The goal of this study was to identify support activities for emergency room nurses who have been exposed to traumatic events, in order to prevent post-traumatic stress disorder.
Emergency room nurses experience stress during traumatic events, for which they need support. It turns out that such support is insufficient, ineffective or non-existent.
This qualitative study was carried out among twelve emergency room nurses from January to May 2007. Semi-structured interviews and a focus group were conducted. Content analysis fulfilled the objectives of our research.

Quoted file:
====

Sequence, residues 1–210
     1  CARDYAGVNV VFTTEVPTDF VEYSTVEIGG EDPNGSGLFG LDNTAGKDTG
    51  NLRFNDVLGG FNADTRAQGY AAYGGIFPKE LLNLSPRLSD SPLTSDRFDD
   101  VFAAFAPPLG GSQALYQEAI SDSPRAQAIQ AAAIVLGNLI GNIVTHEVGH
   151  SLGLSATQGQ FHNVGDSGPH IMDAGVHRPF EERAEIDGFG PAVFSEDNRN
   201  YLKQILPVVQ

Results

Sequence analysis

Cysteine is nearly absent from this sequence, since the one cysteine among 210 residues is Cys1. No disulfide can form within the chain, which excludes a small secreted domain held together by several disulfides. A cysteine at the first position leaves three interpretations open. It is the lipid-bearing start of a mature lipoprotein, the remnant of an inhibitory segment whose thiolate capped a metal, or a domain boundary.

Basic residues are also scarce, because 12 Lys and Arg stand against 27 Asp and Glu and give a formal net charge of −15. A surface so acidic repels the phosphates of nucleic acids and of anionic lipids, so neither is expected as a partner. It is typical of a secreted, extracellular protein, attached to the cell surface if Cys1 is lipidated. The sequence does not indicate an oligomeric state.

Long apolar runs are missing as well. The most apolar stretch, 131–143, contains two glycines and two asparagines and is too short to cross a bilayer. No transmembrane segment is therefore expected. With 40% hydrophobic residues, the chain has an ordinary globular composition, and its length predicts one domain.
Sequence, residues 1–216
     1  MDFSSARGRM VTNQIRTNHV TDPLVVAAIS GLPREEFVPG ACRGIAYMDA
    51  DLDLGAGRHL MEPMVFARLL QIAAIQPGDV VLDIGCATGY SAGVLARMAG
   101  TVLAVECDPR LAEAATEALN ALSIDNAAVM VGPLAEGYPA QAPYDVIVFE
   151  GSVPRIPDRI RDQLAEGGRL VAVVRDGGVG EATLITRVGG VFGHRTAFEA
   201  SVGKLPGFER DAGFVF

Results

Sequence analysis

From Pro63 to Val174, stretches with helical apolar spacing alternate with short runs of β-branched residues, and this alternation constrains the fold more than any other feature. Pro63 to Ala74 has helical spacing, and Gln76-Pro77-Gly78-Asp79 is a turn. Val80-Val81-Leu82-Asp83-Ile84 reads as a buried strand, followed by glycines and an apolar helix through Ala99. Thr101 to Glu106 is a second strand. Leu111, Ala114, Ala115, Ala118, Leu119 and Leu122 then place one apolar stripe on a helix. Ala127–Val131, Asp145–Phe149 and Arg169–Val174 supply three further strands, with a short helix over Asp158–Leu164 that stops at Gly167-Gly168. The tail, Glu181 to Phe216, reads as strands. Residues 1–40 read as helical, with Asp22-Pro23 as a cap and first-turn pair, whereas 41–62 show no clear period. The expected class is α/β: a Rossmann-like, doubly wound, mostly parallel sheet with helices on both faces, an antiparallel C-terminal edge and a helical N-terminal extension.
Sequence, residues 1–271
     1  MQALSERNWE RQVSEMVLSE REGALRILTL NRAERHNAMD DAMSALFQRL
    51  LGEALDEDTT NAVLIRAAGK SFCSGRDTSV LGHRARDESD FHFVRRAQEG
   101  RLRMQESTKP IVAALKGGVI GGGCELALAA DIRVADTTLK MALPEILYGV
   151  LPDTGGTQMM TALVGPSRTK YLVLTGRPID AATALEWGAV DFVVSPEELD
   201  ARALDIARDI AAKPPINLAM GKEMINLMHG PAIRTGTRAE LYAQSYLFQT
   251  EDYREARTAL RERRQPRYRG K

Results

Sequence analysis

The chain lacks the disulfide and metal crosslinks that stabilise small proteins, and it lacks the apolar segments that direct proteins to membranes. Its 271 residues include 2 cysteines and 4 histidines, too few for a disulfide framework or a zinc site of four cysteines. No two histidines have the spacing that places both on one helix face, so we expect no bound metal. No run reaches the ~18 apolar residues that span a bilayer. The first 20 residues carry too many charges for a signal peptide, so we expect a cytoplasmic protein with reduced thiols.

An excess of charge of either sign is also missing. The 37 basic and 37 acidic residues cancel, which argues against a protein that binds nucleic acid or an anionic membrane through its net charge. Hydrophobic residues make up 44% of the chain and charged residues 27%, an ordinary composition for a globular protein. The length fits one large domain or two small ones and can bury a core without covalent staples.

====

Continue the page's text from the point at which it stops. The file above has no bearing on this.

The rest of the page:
The frequency of traumatic events leading to contextual exposure and exposure as a witness increases with years of experience (r=0·67 and r=0·57). The frequency of post-traumatic stress disorder symptoms decreases with age (r=-0·83). The data demonstrate the importance of having a supportive social network and being able to talk things over with colleagues. The support activities considered include all types of prevention. They consist primarily of a peer support system, psycho-education and emergency room simulations.
A three-level complex of support activities represents a promising solution to prevent and treat post-traumatic stress disorder among emergency room nurses. A further study to test its effectiveness is currently underway.